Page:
New York City residents will soon be able to easily compost their trash thanks to an expanded curbside program that mayor Eric Adams announced during his State of the City address last week.
Just last year, the pilot project, the largest one of its kind in the nation, kicked off in Queens. The city was able to pick up compost from every singly residence in the borough of Queens throughout the trial period. Officials were so happy with the results that they have decided to extend it to all five boroughs by the end of 2024.
Considering that NY1 reports that "experts say one-third of the city's waste can be composted," this is clearly a very big win for locals.
The city released the following timeline, hoping to kick off the program in each neighborhood in the near future:
Queens: March 27, 2023
Brooklyn: October 2, 2023
Bronx and Staten Island: March 25, 2024
Manhattan: October 7, 2024
For those not familiar with the natural process, composting is basically a way to recycle organic matter (think fruits, grains, bread, tea, nuts, eggshells, vegetables and more) into actual fertilizer that can then be used on plants and soil.
Although New Yorkers will not be forced to compost their scraps, advocates do hope that the new program will encourage more people to actually partake in the eco-friendly practice, effectively helping solve city-wide issues that have plagued residents for years now.
As residents might have already noticed, there are also 250 composting bins across the city where folks can drop off their trash—a complement to the newest developments that is sure to make a difference as well.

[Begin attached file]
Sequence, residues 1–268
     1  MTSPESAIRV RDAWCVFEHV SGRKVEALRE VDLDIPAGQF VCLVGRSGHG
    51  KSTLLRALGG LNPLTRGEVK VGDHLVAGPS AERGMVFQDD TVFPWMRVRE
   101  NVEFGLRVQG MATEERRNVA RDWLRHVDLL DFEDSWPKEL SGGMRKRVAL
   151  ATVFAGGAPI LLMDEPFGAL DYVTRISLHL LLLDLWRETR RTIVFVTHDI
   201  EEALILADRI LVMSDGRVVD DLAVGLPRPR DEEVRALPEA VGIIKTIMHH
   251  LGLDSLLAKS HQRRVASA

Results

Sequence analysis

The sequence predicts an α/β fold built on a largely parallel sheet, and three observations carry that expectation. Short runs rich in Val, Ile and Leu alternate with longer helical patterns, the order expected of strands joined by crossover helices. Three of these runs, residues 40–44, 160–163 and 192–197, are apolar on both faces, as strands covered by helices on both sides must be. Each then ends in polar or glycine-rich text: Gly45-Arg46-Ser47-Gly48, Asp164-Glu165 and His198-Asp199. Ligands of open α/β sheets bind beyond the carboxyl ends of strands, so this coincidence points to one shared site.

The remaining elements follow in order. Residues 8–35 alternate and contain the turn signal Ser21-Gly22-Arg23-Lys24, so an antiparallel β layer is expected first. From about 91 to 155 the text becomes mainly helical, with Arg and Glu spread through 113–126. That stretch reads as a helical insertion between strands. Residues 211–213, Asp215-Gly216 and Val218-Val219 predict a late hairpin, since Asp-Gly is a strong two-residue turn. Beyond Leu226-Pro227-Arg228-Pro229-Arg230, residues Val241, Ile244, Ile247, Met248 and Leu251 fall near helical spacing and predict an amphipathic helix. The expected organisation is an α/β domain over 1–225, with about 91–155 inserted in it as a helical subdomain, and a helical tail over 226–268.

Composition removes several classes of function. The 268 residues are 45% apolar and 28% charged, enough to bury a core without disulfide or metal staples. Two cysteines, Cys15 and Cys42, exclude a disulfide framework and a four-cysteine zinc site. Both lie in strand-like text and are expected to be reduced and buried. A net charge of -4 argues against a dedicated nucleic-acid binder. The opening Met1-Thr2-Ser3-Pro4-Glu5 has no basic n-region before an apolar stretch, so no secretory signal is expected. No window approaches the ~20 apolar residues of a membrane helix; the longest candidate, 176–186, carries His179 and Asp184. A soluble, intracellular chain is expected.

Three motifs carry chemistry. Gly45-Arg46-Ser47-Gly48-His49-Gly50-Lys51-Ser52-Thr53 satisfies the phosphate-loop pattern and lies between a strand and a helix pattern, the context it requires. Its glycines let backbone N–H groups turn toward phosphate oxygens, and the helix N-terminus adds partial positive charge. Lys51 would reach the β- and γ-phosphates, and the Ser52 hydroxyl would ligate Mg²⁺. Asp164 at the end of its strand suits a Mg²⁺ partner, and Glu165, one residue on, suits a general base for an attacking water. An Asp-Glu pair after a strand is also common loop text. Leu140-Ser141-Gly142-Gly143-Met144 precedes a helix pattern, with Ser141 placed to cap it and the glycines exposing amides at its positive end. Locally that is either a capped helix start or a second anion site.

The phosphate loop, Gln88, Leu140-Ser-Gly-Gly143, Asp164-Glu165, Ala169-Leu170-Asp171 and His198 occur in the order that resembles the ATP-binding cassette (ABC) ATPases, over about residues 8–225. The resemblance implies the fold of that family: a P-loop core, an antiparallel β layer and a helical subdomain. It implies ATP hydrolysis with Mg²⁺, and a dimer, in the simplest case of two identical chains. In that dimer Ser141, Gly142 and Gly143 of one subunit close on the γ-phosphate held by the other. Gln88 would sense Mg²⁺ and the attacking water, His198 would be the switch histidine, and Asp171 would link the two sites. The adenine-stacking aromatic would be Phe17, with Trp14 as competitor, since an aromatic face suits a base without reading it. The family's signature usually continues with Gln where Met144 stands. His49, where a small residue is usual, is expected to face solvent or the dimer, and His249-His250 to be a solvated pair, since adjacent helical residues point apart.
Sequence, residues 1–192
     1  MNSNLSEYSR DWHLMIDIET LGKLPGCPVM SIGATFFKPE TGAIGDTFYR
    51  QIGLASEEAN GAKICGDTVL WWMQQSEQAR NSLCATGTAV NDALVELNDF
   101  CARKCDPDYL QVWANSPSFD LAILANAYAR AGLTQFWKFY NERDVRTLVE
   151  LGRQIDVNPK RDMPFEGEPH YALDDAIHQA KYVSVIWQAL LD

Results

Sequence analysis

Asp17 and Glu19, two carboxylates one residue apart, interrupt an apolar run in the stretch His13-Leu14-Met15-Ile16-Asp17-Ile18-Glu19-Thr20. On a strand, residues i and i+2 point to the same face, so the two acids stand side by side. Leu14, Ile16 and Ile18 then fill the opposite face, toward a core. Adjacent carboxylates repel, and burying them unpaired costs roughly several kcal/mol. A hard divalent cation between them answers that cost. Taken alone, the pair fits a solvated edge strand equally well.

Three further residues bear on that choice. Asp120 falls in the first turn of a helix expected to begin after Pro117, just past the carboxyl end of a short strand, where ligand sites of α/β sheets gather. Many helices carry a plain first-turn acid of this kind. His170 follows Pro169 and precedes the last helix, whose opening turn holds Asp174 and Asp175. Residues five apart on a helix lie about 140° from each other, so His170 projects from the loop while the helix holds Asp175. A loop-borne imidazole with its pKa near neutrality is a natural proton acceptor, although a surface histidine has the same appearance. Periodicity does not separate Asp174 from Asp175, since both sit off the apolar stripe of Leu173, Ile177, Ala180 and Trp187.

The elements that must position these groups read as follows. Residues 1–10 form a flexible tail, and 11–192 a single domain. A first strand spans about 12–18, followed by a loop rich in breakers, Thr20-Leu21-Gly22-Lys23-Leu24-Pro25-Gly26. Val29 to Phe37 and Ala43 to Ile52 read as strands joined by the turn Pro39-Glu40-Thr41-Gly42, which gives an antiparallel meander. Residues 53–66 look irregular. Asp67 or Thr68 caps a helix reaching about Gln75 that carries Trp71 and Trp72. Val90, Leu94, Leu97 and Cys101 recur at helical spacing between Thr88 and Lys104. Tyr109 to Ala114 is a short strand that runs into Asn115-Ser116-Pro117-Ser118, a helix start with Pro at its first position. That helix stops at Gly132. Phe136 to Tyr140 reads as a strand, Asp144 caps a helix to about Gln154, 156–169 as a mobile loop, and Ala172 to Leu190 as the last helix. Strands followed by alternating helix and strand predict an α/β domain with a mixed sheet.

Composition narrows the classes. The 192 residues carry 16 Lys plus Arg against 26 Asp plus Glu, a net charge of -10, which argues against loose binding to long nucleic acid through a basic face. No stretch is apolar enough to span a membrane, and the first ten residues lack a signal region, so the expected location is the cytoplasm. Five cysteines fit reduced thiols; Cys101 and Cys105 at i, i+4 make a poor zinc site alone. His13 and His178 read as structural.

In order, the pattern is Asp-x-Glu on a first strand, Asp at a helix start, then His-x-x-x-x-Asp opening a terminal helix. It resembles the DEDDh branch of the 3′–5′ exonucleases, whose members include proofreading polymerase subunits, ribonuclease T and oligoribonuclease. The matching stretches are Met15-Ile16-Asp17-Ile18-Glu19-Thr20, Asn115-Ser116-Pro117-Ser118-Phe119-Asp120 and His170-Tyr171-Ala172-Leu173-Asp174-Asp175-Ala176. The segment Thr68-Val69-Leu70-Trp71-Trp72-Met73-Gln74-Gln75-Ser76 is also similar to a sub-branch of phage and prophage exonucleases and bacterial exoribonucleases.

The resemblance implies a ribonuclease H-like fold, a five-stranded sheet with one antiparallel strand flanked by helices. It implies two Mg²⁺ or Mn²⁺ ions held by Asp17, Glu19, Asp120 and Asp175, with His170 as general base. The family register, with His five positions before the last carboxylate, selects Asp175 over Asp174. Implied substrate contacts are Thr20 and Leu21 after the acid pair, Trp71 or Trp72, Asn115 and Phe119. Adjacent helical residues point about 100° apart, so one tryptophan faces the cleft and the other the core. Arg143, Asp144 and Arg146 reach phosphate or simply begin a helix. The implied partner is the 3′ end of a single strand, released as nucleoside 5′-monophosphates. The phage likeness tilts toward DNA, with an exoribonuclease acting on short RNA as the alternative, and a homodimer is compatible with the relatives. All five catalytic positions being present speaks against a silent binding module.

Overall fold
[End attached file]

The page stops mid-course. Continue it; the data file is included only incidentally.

"We can be fighting litter, reducing the opportunity for open dining for rats, and fighting climate change all at the same time, while turning it into a material that's that's usable pretty easily," said Julie Tighe, the president of the New York League of Conservation Voters, to NY1. "Everyone's going to be able to have a bin that they can put their materials in just like there's a blue ribbon for your recyclables, like your your glass and your plastic and your paper. There'll be a brown bin that will be available for food waste."
"In just three months, a pilot composting program [...] in Queens kept nearly 13 million pounds of kitchen and yard waste out of landfills," said the mayor in his address. "That's more than the weight of 300 city buses. Imagine how much we will accomplish when every family in the city is participating. A lot of people have talked about this issue, but this administration is getting it done. [...] By the end of 2024, all 8.5 million New Yorkers will finally have the rat-defying solution they've been waiting for for two decades."
If you're ready to start composting immediately, more power to you! Here is an official map of drop-off composting sites around NYC for you to consult.